Notwithstanding the disappointment of losing their opening fixtures of the campaign, the mere fact that Temple Carrig are competing at this level is a credit to the structures that have been put in place at the Wicklow school.

“All of the coaching in school is voluntary,” Crean asserts. “We are very lucky with the staff that we have in place, all of whom give a great deal of their own time to help the grow the game in Temple Carrig and promote the values of the sport amongst our pupils.”

Unquestionably, the goal for Temple Carrig in the coming years will be to impose themselves on the Senior rugby grade. In this light they can take great heart and encouragement from the achievements of St. Fintan’s High School in Sutton. The school can already count several domestic titles amongst its achievements, while a number of past-pupils have earned representative honours. Reflecting on such success, Rob Forbes claimed “mighty oaks from little acorns grow.” Mark Crean and all at Temple Carrig will hope that their own roots take a similar path.

Knocking Concussion on the Head

As published on PunditArena

In September it was announced that Nathan White was retiring from professional rugby based on medical advice following a concussion injury. The Connacht and Ireland prop arrived in Dublin from his native New Zealand in 2012 to join up with Joe Schmidt at Leinster before moving onto Connacht the following year.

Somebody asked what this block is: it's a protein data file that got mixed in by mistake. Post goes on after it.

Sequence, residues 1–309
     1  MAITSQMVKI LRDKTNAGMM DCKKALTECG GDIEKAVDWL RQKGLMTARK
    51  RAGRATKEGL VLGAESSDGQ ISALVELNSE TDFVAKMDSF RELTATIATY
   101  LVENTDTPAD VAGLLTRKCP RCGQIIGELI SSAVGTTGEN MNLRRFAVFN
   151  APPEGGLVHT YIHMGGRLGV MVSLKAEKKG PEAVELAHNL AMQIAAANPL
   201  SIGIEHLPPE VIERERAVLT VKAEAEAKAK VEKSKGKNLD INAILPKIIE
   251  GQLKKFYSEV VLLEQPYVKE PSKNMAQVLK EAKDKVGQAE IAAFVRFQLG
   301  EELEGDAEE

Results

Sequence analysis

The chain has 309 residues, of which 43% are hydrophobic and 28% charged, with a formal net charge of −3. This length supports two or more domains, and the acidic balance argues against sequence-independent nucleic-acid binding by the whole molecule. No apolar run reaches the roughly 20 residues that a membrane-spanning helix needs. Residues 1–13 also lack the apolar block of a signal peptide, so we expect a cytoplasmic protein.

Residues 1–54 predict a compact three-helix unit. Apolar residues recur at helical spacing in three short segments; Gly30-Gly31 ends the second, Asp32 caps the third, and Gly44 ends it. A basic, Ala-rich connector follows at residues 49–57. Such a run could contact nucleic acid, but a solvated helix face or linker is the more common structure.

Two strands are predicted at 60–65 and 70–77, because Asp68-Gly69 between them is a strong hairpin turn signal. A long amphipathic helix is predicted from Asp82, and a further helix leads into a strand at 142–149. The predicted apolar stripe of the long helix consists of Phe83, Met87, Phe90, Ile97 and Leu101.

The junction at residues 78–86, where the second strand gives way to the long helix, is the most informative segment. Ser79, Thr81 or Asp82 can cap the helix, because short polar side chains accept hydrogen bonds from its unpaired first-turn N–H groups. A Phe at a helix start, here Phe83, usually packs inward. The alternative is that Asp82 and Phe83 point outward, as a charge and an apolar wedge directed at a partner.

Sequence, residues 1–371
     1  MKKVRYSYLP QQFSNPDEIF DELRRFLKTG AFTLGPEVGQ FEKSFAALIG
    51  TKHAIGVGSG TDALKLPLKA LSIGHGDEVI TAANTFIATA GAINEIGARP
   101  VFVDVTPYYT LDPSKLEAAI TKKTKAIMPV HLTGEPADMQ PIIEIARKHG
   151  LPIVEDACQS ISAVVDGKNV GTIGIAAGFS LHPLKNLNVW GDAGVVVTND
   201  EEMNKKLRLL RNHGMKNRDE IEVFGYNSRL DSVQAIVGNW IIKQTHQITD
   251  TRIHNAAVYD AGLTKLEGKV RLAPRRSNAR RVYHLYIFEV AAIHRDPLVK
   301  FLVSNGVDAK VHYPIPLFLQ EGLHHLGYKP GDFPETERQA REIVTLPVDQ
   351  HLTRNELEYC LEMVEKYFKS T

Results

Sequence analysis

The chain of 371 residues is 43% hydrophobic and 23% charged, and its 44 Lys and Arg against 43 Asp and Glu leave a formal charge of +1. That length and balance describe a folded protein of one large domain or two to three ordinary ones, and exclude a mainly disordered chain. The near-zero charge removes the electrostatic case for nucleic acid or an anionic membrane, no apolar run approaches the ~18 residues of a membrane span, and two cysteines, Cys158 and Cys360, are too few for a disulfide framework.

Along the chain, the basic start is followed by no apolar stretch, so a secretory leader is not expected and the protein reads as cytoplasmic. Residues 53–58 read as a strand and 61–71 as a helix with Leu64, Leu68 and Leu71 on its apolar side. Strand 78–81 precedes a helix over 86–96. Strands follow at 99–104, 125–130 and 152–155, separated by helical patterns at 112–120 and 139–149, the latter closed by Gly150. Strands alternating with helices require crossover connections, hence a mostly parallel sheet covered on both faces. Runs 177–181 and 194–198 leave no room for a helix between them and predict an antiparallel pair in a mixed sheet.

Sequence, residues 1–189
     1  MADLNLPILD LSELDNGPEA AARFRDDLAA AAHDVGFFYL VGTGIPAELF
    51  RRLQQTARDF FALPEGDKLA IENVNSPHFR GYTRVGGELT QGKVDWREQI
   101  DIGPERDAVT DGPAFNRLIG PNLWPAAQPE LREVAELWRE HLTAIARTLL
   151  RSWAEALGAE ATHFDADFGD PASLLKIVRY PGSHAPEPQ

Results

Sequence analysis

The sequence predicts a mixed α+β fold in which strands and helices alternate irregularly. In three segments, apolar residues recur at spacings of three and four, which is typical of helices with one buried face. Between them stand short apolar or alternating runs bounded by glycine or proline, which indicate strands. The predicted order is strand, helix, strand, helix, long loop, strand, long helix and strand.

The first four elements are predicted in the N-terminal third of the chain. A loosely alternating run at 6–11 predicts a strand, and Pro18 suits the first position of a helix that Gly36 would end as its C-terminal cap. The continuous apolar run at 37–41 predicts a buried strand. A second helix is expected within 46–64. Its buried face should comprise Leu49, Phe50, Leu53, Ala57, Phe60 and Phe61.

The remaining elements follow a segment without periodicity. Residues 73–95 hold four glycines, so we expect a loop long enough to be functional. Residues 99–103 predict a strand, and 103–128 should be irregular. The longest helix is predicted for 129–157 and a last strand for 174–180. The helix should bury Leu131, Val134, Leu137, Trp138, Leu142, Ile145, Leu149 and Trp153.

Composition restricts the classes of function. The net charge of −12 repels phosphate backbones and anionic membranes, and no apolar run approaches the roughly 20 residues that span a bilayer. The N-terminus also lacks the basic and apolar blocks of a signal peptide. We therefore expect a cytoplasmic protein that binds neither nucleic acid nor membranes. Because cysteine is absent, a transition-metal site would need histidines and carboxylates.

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Prior to his injury against his former employers last March, White had established himself as a valued squad member in Schmidt’s Irish squads, garnering 13 caps in the space of eight months following his debut in August 2015. Sadly, he will not be adding to that tally.

The attritional nature of the professional game may be a joy for the public to behold but it has come at a cost. Between 2006 and 2012, Leinster duo Bernard Jackman and John Fogarty were the only professional rugby players to retire through concussion. However, in the past three years alone Craig Clarke, Declan Fitzpatrick, Kevin McLaughlin, David McSharry and now White have all suffered a similar fate.

When this is considered in isolation, it may seem that concussion is far more prevalent in the modern game. However, due to better education on the topic and heightened awareness of its signs and symptoms, players are now more likely than ever to take a sensible approach when dealing with brain injuries.

The rise in players retiring or taking long periods out of the game to recover from head injuries is a direct result of a more accepting culture within the game whereby players feel empowered to make the right decision for their health. Given the consequences of such trauma, rugby can no longer embrace those who make a heroic return to the field following a severe blow to the head. However, steps need to be taken to ensure that players are protected on a weekly basis and over the long term.